For the longest time I thought the egg in Pancit Batilpatung was raw (I swear I ate one with raw egg on top years ago) only to find out and be semi-disappointed that it was actually half-cooked. Anyway, you’ll see places serving the famous pancit in every corner of Tuguegarao City but I ate in Budyok’s because it was the one nearest St. Paul University Philippines.
Jumbo size, good for two people. Forgot to tell the waitress not to put veggies so it took me a long time to finish the plate. Served with broth, Calamansi and chopped onions. The topping is actually made of Carabao meat so it’s a bit hard.
My agenda in Tuguegaro is to attend the graduation of a good friend, Ramm. Since the city is only an hour or two away from my hometown, I decided to use the opportunity to explore the capital city of Cagayan Valley.
St. Paul University Philippines is the lead school in the St. Paul University System (composed of 42 institutions owned, managed and operated by Sisters of St. Paul of Chartres). I wish I knew more about my school but I only became a Paulinian in college (not even during my “formative” years) and the Paultenics subject was removed during our first year (only to be offered again to subsequent freshmen). Boo.
Back to SPUP. It is huge compared to my alma mater but it’s a given because it caters to students from primary to tertiary level. Just like in the latter, the security guards are super strict in letting anyone enter the premises. Even though I showed my Alumni card, kebs pa rin sila Manong. I ended up waiting at the lobby for Ramm who has the “entry pass”.
A building that caught my fancy is Our Lady of Chartres Chapel.
Grey reminds me of the color of our uniform. Same pattern and colors but different designs across the different schools. Bias aside, I think St. Paul Manila has the best-looking one with the used-to-be pencil cut skirt (then it became H-cut and is currently A-cut thanks to all the students who violate the proper attire).
Definitely one of the best churches I’ve been in. The only word I can think of is maaliwalas and I don’t know the English translation so let’s leave it at that. I can only imagine how romantic it would be to get married in a place that looks so pure. The walls and ceilings were painted white and it was spotless clean (another trait of St. Paul schools: cleanliness especially the bathrooms). Even though Tuguegarao is notorious for being the place where the highest temperatures are recorded in the country, it doesn’t feel like 35 degrees Celsius inside.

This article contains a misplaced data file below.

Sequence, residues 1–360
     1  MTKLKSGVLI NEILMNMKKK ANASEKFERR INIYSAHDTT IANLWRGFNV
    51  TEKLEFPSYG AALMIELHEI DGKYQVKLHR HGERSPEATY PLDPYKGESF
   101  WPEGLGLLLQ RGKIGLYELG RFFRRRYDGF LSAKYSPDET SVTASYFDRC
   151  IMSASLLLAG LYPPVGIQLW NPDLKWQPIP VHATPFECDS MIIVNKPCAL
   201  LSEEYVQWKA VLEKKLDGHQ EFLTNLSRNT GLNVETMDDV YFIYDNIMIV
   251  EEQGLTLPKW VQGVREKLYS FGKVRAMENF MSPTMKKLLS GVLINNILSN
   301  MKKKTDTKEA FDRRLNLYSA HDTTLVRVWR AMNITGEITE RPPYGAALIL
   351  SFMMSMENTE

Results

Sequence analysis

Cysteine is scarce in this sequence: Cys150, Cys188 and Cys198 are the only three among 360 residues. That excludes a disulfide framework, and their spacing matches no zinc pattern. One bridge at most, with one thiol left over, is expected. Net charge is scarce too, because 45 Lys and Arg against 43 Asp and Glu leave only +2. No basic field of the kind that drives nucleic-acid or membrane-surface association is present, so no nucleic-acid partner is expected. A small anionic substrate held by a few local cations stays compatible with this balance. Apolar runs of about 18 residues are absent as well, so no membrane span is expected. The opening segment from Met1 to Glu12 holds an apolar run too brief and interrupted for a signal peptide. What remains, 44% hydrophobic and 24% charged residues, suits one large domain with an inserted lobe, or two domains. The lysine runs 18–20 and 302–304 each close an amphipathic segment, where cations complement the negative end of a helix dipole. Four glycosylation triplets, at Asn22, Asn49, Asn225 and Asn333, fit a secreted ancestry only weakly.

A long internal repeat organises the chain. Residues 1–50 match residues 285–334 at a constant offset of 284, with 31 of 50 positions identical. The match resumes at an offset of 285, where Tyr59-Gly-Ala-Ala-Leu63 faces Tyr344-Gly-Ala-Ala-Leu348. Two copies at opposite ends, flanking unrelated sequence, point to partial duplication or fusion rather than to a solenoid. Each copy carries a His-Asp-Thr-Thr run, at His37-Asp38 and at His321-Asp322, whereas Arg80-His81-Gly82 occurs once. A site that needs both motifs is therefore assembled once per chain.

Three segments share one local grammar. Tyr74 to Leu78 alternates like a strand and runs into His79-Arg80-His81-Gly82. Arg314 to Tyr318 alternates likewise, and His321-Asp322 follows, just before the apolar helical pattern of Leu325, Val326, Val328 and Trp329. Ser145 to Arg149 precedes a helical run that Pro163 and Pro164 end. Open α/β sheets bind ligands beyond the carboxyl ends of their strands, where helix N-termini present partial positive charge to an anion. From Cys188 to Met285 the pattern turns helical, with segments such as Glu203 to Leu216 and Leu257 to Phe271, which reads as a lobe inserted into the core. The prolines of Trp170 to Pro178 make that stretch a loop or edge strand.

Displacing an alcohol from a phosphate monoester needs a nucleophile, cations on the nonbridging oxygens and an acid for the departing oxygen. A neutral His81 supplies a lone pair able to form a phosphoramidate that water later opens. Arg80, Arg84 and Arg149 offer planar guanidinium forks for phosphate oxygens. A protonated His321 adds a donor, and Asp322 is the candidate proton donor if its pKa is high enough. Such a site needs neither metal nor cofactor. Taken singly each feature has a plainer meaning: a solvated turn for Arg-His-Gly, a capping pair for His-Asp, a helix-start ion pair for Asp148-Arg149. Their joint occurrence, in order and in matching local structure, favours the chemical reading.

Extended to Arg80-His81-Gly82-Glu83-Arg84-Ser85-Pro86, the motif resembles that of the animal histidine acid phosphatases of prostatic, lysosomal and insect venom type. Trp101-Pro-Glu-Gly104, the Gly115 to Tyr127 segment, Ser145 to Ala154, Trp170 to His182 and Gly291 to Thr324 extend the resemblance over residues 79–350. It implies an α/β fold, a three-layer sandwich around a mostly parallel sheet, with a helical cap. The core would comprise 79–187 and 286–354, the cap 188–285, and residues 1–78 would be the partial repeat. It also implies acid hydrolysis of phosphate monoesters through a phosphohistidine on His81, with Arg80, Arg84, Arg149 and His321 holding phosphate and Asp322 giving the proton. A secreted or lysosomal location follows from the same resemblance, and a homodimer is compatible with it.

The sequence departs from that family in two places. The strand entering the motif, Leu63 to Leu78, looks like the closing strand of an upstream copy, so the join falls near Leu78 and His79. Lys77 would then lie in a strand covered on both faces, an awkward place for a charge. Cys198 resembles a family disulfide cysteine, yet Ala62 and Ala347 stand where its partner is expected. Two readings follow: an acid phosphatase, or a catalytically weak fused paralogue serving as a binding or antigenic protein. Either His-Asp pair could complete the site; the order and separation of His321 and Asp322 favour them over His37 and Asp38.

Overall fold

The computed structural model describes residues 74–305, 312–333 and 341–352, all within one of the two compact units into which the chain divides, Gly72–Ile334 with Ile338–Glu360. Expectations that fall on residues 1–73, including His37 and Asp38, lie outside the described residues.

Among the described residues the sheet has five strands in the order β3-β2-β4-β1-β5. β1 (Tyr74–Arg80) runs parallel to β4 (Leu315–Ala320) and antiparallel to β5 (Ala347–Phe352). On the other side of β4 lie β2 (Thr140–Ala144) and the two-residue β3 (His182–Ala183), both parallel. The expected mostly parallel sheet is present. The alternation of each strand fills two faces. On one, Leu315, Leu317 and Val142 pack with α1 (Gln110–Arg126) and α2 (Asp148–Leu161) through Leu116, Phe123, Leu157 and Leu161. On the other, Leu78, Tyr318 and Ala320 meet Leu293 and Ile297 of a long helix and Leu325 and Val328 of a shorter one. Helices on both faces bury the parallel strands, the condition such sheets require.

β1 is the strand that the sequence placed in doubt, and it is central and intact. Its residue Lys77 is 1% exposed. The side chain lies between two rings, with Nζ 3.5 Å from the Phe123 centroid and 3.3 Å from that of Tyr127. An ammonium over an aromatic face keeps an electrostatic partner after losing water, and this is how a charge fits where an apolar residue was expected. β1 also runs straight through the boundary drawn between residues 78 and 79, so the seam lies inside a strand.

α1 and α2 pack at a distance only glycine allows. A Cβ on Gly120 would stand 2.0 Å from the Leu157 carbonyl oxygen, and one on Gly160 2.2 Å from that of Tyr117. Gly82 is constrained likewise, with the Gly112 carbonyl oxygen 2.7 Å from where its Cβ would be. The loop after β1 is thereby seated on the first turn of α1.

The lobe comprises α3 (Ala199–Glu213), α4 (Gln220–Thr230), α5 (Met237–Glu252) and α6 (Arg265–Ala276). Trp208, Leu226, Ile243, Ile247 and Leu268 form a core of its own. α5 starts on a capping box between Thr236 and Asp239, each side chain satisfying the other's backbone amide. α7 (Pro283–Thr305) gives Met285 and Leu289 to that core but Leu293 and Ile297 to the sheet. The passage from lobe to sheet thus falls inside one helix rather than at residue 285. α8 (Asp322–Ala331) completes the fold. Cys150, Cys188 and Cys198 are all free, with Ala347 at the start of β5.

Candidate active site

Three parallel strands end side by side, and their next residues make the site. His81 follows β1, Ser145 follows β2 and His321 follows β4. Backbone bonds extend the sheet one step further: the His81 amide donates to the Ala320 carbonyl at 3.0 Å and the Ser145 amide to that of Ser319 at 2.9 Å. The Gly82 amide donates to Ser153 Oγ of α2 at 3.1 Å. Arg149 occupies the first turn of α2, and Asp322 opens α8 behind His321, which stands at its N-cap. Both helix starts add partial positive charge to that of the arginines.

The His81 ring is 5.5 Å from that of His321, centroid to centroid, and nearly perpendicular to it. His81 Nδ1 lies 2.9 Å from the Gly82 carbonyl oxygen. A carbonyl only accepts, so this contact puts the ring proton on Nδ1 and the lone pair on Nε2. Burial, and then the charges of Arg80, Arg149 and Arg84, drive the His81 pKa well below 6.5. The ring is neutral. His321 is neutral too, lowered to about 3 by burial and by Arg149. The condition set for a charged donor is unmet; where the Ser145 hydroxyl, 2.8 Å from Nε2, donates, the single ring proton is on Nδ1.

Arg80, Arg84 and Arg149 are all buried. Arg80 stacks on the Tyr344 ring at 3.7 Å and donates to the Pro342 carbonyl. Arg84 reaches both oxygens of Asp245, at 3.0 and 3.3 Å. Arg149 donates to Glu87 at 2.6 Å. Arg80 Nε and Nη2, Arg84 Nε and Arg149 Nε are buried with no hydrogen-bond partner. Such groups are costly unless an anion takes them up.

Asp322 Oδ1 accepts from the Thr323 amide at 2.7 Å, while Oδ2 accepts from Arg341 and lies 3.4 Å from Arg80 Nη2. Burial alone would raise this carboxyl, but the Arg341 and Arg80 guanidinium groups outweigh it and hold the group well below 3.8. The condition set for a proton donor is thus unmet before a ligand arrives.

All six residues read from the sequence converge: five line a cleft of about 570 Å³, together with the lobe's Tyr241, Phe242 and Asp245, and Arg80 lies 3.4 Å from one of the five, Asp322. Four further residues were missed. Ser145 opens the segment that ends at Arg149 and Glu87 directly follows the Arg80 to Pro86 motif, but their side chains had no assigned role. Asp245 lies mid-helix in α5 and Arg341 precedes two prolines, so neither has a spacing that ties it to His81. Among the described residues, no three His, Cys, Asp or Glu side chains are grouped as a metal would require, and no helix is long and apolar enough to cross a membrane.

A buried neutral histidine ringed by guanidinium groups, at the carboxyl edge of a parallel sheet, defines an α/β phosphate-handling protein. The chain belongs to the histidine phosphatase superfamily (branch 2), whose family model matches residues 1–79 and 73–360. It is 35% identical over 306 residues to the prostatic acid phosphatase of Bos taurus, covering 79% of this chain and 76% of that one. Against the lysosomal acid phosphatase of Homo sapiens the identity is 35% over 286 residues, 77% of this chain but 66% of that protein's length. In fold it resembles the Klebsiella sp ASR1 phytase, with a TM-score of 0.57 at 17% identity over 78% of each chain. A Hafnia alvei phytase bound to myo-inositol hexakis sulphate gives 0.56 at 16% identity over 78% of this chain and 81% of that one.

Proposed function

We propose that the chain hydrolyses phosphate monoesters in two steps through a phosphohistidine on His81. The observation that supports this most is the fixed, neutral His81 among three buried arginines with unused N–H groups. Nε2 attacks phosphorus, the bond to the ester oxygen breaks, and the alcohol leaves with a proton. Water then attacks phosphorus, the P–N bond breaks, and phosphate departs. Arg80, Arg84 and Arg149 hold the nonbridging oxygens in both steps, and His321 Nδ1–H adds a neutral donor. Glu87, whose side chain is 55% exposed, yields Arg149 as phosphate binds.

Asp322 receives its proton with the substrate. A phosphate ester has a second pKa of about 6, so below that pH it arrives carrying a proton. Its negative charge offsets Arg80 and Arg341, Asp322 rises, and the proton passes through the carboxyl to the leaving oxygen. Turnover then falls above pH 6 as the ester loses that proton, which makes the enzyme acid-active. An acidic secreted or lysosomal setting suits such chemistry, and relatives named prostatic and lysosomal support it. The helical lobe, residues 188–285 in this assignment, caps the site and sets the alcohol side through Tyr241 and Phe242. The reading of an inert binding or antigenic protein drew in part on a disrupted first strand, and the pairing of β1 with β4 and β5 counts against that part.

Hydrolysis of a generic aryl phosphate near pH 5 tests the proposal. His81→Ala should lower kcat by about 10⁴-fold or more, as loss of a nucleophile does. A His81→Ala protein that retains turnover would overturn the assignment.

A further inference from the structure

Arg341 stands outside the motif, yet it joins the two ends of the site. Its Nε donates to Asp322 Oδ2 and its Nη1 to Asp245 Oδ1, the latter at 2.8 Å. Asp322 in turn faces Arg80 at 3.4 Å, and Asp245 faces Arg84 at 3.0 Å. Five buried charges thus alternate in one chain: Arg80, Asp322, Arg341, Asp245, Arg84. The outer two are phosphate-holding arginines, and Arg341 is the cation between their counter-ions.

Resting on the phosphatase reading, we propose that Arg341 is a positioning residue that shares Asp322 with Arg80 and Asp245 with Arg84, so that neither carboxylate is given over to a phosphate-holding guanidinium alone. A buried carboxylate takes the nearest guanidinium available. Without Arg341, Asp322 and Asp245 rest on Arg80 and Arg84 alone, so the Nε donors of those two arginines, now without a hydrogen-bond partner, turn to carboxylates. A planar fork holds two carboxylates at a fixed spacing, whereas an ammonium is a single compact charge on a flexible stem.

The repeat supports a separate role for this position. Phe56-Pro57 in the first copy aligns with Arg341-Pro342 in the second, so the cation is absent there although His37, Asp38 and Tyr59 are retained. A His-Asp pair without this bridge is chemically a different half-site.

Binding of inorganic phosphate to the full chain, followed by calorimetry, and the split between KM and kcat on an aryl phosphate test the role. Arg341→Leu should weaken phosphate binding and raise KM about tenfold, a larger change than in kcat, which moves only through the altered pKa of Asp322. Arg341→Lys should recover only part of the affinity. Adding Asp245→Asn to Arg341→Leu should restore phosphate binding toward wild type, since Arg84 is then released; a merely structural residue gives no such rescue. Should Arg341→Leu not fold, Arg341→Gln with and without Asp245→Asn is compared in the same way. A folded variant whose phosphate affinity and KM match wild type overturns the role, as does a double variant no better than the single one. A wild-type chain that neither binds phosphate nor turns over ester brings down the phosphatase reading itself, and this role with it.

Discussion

I assume all buildings in all Paulinian schools are named after persons and places related to the congregation like Father Louis Chauvet, Mere Marie de Tilly and Levesville. Pictured below is the Levesville training center.
Hell, graduations can be really boring especially if there are a thousand students marching (but we gotta respect everyone who comes up on stage to receive their diploma *clap clap*). Good thing that night’s Guest Speaker, Rev. Fr. Xavier C. Alpasa, SJ was just the perfect cherry on top of a special celebration. His speech was one of the best and most-heartfelt I’ve heard I’m gonna remember it long after I forget the one spoken during my own graduation (I actually already forgot haha). First off he shared how hard it was growing up in a poor family. He used to make his classmates’ projects in exchange for money so he can buy food and more than once he thought he will be out of school for good because of lack of funds. Obviously the story had a happy ending. He promised he will conquer a corporation because they didn’t even give his father a desk and he succeeded. He was able to provide for his parents etc. We’ve already heard countless rags to riches stories. It’s what he shared afterwards that was inspiring.
After achieving all his goals, he found himself asking the question, “What now? What’s next?”?
And then he shared about something St. Ignatius wrote.
In each of us is a deep desire and emotion. Actually, it is much more than that but for lack of better term, “feelings” was used. This one we should watch over, feel for and never forget because it will dictate where we are supposed to go. The problem of the world is that everyone, in one way or another, have become apathetic. For example, when was the last time you were disturbed by poverty? Maybe at first yes but when you are consistently exposed, it becomes the norm and you forget how you first felt about it. Di na pinapansin, di na nararamdaman. According to Fr. Xavier, we should always come into terms with our feelings and it should be where we hinge our hopes on. God put it in us for a reason.
He ended his talk by saying that faith in Filipino is “Pananampalataya” and the root word is “taya” meaning “to gamble”. Yes, faith is a gamble. The question is where you will place your bet. He encouraged us to place ours on Jesus because he already won over death. Doesn’t seem much when read but I swear I had goosebumps when he told it in Filipino. What an awesome speech.
Congratulations Class of 2014!